Using System.Web.Routing with WebForms

A hidden gift in the ASP.NET MVC framework is the addition of more flexible routing into the ASP.NET world view. While it may first appear to be MVC-only, it’s in fact quite easy to bring it into old style “WebForms” ASP.NET projects.

Before ASP.NET MVC, that is in the land of WebForms, it was hard to produce nice URLs using ASP.NET. This was because routing within ASP.NET was based on one of two things:

  • A simple mapping from URL to a physical folder structure on the web server, which produced ugly URLs, or;
  • Engaging in URL-rewriting through IIS, which is complex and takes control of the URL structure away from where it really belongs with the web application.

ASP.NET MVC brought with it the divorce of URL from execution code familiar to Rails, Pylons and other recent web frameworks via the classes in the " System.Web.Routing namespace. It initially looked, however, like the Routing magic which MVC included was unavailable to old-school WebForms projects. After receiving some interest in routing from other teams inside Microsoft, however, the MVC team brought the Routing objects outside the MVC framework so that they can be used from within WebForms projects.

The classes in System.Web.Routing alter the way URLs are mapped to handling code. The Routing code expects to map a URL to executing code, and provides an interface IRouteHandler which can be implemented to supply your own over the default implementation. It’s actually quite simple to write a handler to map a URL to an .aspx page, but even so this has thankfully been done already —making using Routing even simpler. After adding the IRouteHandler, you just need to make a couple of changes to the web.config file to load the Routing machinery.

What makes swapping in System.Web.Routing so seamless is all Routing does is map a URL string to an executing page. This means the POST data used by WebForms to transport data from the browser to the server passes through the routing operation unaffected, so WebForms can carry on working without being informed of the change of routing policy—provided you are using WebForms standard “always POST” style.

If you are starting a new project, you can use the sample code and instructions at haacked directly because the sample code includes a skeleton ASP.NET WebForms project correctly configured to use Routing. From what I can tell, the code from haacked is provided as-is, but it seems to work in my testing but you should be sure to fully test in your environment!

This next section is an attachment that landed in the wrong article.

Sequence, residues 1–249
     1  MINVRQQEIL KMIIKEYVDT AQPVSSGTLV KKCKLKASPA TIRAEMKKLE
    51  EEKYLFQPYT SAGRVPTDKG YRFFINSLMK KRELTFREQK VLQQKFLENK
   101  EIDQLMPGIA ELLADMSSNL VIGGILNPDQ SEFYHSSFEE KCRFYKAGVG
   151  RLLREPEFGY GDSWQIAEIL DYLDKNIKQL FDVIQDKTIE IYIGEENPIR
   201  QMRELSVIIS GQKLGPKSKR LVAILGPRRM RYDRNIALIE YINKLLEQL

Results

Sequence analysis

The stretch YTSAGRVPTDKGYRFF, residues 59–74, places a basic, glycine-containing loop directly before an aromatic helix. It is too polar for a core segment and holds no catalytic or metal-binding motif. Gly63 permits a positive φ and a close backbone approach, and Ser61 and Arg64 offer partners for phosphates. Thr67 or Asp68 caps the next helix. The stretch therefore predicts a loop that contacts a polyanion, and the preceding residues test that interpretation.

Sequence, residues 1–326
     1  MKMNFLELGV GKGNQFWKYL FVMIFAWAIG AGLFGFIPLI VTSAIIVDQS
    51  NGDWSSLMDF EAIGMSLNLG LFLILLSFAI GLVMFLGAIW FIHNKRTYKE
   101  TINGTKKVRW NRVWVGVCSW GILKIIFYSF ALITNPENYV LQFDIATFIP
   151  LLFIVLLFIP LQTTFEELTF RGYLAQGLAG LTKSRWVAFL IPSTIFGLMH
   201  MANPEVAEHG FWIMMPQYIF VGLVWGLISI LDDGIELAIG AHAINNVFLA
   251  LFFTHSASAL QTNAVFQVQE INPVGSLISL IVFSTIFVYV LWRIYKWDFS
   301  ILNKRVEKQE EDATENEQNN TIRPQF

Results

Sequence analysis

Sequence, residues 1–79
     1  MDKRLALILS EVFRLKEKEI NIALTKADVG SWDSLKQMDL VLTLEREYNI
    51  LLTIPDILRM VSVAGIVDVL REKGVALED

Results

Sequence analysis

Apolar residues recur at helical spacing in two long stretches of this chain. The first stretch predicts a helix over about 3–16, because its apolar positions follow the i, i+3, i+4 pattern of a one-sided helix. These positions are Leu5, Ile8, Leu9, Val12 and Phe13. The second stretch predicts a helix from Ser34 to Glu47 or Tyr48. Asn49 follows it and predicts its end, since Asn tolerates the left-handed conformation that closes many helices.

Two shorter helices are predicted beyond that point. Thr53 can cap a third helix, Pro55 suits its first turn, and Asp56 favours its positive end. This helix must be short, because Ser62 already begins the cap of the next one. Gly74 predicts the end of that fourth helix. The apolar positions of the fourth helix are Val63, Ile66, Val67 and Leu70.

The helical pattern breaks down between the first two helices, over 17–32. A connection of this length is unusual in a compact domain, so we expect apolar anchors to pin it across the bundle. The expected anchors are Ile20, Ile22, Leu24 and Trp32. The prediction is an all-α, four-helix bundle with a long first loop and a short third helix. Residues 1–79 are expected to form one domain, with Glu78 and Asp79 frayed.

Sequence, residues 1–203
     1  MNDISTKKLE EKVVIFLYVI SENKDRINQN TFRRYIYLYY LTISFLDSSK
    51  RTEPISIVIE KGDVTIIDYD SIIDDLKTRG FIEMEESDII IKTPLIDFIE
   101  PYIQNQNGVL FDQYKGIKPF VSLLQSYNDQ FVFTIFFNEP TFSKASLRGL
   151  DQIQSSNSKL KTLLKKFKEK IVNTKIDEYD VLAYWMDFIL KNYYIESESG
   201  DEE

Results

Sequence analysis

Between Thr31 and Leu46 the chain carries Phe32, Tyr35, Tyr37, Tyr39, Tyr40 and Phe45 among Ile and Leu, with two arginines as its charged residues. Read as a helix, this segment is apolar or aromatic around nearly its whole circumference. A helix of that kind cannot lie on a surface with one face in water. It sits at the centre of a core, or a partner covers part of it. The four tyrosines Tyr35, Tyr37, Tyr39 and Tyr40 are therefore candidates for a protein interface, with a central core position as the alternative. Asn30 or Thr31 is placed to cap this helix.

To use Routing within an existing project you need to perform a few more steps, which I’ve stitched together from a few sources on the net. We can reuse some of the code from haacked, and MSDN provides a short howto for modifying your web.config appropriately.

Before starting, you need to download the .net 3.5 SP1 framework or above, as it contains the needed ASP.NET MVC and routing libraries.

  1. First, download the sample code at haacked and copy the WebFormRouting project into your web application’s solution.
  2. Add references to your web application project to System.Web.Routing and the WebFormRoutingproject you just added.
  3. Copy the Application_Start() and RegisterRoutes() methods from the haacked sample project’s Global.asax from step one into the Global.asax file of your web application (create one if needed) and add the needed using statements. You can now close the haacked solution.
  4. Follow these instructions at MSDN for the changes you need to make to your web.config file—you only need to follow the instructions under the heading “To configure an ASP.NET Web site project for routing” as the WebFormRouting project contains the IRouteHandler implementation.
  5. Write some routes for your application—restart your application and you should be done!

If you want to access the Routing data from your application, change your aspx pages to inherit from RoutablePage from WebFormRouting rather than Page. The request parameters (contained within { and } in your routes) should now be available from your page in the RequestData.Values dictionary-like object. For example, if your route is /updates/{username} you can access the username via RequestData.Value["username"].

For more information on using routing once you have it plumbed in, there’s an the “main MSDN page”:“msdnrouting about Routing, which provides a great jumping off point for writing routes. If that’s not enough, a Google search for " System.Web.Routing":googlerouting currently produces a great wealth of further information on the subject.

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